EXAMPLE HI By a procedure identical to that described in Example I triallylamine 0.685 g. (0.005 mole) and N F (122 cc. at 27 C. and 765 mm.) were reacted during 1 /2 hours. Again polytriallylamine was formed and essentially no N F was consumed. The conversion to polymer was 100%.
EXAMPLE IV By a procedure identical to that described in Example I a mixture of furfuryl acetate 0.350 g. (0.0025 mole) and N F 1.0 g. (0.01 mole) was heated to C. in a glass bulb. Polymerization occurred when the temperature reached about 100 C. The rate of polymerization was not measured but all of the furfurylacetate had polymerized in one hour. No measurable amount of N F was consumed during the polymerization. The product was a brown solid.
Acrolein and pyrrole were polymerized to solid products in the same manner as in Example IV.
The polymers produced by this invention can be used as soil conditioners and thickening agents.
The advantages of this invention will be apparent to those skilled in the art. A novel polymerization process is made available for polymerizing olefin that normally react with ditiiculty. The polymerization can be carried out under relatively mild conditions and the catalyst is completely recoverable.
It is to be understood that this inventon is not limited to the specific examples which have been offered merely as illustrations and that modifications may be made without departing from the spirit thereof.
What is claimed is:
1. A process for polymerizing a polymerizable allylic amine compound selected from the group consisting of allylamine, diallylamine, and triallylamine which comprises catalytically polymerizing said compound at temperatures up to about 150 C., in the presence of tetrafiuorohydrazine as the catalyst in a catalytic proportion, and separating the resulting polymer from the catalyst.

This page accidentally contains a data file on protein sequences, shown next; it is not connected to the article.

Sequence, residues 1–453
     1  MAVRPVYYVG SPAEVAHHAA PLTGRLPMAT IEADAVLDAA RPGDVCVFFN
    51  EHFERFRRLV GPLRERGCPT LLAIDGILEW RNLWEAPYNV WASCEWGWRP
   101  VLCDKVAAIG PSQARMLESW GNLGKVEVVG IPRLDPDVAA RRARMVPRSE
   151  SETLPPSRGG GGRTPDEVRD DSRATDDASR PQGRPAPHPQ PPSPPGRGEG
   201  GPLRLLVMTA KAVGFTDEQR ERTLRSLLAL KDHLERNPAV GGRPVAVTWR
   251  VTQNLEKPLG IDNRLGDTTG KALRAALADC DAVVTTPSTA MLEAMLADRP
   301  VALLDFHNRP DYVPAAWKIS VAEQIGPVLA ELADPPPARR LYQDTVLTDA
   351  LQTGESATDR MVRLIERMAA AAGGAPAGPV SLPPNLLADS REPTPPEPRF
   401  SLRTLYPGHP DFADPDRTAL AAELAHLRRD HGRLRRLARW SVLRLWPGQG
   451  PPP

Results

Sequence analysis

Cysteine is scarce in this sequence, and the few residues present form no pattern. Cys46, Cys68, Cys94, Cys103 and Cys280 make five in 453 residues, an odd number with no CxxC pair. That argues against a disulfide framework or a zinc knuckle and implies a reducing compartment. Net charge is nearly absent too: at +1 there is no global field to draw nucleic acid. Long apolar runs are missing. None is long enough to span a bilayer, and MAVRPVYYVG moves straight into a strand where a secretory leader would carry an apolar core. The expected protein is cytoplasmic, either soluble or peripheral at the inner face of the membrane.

2. A process for preparing a polymer of a polymerizable allylic amine compound selected from the group consisting of allylamine, diallylamine, and triallylarnine which comprises catalytically polymerizing the allylic amine compound under pressure in the range of 1 atmosphere to about 400 psi. at a temperature in the range of about 50 to 150 C. and in the presence of about .01 to 1 mole of tetrafiuorohydrazine as catalyst per mole of the allylic amine compound until the polymer is formed, and separating the polymer from the catalyst.
3. The process of claim 2 in which the allylic amine compound is allylamine.
4. The process of claim 2 in which the allylic amine compound is diallylamine.
5. The process of claim 2 in which the allylic amine compound is triallylamine.
6. The process of polymerizing allylamine to polyallylamine which comprises admixing about .01 to 1 mole of gaseous tetrafluorohydrazine per mole of allylaminc to the allylamine cooled to below room temperature in References Cited in the file of this patent a reaction Zone, warming the resulting mixture of the allylamine and tetrafluorohydrazine to room temperature, UNITED STATES PATENTS then up to about 100 C. under a pressure of atmos- 2,349,979 Moldenhauer May 30, 1944 pheric to about 400 p.s.i. until polymer is formed from 2,926,161 Butler et a1, Feb. 23, 1960 the allylarnine then cooling the resulting polyme and the 5 OTHER REFERENCES unreacted tetrafiuorohydrazine, and recovering the polymer separated from the tetrafluorohydrazine. colbum et; a1.: J.A.C.S. 80, 5004 (1958).